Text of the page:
• Even though the ultimate goal is to expand US apparel sourcing from the Western Hemisphere, we need to make more efforts to practically and creatively solve the bottleneck of textile raw material supply facing garment producers in the region.

by Sheng Lu

Additional reading: Lu, Sheng. (2022). Asia triumphs in June despite US apparel sourcing diversification efforts. Just-Style.

2022 USFIA Fashion Industry Benchmarking Study Released

Report release webinar (July 18, 2022)

The full report is available HERE

Key findings of this year’s report:

U.S. fashion companies report significant challenges coming from the macro-economy in 2022, particularly inflation and rising cost pressures. However, most respondents still feel optimistic about the next five years.

  • Respondents rated “increasing production or sourcing costs” and “inflation and outlook of the U.S. economy” as their 1st and 3rd top business challenges in 2022.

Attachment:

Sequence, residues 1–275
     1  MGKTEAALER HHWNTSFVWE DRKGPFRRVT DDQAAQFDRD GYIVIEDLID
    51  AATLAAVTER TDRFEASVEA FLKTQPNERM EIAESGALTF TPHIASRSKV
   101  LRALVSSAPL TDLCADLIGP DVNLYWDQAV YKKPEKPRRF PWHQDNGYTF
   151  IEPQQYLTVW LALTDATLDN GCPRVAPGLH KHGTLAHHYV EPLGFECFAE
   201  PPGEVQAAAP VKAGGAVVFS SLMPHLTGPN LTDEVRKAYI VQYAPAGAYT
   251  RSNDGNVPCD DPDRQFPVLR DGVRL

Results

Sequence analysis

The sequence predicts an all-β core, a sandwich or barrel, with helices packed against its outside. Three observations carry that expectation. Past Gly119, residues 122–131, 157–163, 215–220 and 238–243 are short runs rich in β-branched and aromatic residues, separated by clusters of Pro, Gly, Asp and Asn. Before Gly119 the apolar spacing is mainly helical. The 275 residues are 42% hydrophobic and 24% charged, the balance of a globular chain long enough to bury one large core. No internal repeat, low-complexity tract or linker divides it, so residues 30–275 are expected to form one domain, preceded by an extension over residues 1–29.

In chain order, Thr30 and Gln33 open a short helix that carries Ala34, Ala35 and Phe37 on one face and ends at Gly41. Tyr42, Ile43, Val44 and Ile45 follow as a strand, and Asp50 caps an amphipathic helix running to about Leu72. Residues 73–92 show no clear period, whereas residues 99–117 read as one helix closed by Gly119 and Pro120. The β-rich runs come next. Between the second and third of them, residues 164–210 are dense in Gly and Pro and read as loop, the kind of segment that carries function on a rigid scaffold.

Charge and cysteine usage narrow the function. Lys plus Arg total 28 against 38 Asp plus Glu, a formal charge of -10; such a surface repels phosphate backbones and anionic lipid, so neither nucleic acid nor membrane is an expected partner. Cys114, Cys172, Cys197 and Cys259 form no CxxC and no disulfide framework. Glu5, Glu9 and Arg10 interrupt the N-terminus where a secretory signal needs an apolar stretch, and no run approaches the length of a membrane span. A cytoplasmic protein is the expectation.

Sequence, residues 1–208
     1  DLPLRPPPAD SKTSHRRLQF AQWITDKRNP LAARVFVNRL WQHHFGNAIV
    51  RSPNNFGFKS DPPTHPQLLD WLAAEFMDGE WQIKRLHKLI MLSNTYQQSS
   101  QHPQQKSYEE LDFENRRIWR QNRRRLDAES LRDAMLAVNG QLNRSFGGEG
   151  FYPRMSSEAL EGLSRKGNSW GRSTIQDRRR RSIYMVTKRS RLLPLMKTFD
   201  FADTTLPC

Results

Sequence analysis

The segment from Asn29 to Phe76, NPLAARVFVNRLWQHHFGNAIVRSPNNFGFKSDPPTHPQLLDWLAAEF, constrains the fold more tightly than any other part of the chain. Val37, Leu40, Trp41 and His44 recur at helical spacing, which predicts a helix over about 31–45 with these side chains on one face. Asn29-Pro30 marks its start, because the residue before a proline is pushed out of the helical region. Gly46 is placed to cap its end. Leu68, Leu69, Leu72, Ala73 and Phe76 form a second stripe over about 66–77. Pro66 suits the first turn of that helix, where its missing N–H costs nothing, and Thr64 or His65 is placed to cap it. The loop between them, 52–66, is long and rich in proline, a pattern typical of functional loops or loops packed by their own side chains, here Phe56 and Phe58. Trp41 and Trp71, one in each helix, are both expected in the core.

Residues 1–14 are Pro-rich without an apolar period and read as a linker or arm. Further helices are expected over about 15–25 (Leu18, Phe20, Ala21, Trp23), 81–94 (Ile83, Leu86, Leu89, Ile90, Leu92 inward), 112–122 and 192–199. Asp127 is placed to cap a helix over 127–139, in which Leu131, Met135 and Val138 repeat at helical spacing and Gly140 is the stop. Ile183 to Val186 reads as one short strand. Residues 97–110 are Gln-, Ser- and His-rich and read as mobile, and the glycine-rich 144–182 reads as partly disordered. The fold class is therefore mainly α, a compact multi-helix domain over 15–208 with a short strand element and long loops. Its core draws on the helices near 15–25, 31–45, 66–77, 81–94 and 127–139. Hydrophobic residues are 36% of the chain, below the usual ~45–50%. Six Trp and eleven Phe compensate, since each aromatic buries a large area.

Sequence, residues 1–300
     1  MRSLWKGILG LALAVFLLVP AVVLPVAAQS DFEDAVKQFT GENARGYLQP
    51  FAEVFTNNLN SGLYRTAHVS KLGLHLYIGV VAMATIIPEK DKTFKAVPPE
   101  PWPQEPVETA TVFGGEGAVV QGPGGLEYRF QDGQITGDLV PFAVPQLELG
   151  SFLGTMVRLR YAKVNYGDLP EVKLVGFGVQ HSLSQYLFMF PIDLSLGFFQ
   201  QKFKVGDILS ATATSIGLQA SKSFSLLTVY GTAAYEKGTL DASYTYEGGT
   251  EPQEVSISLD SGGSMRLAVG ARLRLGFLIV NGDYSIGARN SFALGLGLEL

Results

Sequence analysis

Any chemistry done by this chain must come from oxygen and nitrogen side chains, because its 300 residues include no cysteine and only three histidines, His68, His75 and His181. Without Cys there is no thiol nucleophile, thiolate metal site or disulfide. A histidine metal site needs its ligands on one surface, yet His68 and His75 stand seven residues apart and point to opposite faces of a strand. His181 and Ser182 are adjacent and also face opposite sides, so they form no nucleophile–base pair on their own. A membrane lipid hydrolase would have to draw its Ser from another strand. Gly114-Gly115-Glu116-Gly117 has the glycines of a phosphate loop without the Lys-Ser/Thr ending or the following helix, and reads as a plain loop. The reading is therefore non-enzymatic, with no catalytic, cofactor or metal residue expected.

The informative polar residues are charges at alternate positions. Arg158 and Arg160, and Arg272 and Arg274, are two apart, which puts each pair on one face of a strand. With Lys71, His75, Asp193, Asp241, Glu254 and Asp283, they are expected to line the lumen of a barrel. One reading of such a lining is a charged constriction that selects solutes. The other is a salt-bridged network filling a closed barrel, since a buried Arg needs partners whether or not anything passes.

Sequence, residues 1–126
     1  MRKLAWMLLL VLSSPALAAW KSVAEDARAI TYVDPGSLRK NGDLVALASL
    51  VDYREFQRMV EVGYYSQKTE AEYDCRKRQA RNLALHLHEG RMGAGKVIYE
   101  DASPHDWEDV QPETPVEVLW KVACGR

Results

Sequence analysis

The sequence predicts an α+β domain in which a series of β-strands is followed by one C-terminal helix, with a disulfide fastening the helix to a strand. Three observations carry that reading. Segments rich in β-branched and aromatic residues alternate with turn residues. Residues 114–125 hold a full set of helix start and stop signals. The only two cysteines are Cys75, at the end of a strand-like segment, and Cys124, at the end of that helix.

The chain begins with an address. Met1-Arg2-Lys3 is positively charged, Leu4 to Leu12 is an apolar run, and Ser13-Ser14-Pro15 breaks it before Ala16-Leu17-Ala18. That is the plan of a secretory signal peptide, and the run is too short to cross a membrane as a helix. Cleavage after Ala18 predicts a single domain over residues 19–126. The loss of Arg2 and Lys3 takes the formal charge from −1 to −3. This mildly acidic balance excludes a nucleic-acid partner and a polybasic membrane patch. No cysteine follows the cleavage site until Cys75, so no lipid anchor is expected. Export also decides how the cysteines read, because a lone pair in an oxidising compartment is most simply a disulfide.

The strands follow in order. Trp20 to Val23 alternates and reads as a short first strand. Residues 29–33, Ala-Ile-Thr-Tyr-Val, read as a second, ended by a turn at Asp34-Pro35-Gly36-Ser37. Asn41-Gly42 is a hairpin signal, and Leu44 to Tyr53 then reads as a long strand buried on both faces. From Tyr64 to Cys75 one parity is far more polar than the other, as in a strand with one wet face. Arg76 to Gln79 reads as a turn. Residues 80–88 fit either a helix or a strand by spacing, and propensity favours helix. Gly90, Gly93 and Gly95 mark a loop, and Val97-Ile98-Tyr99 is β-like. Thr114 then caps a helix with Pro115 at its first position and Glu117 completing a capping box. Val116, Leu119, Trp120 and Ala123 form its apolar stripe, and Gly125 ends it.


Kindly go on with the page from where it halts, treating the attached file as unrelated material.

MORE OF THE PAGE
• As a new record, 100 percent of respondents expect their sourcing costs to increase in 2022, including nearly 40 percent expecting a substantial cost increase from a year ago. Further, almost everything has become more expensive this year, from textile raw materials, shipping, and labor to the costs associated with compliance with trade regulations.
  • Over 90 percent of respondents expect their sourcing value or volume to grow in 2022, but more modest than last year.
  • Despite the short-term challenges, most respondents (77 percent) feel optimistic or somewhat optimistic about the next five years. Reflecting companies’ confidence in their businesses, nearly ALL respondents (97 percent) plan to increase hiring over the next five years.

U.S. fashion companies adopt a more diverse sourcing base in response to supply chain disruptions and the need to mitigate growing sourcing risks.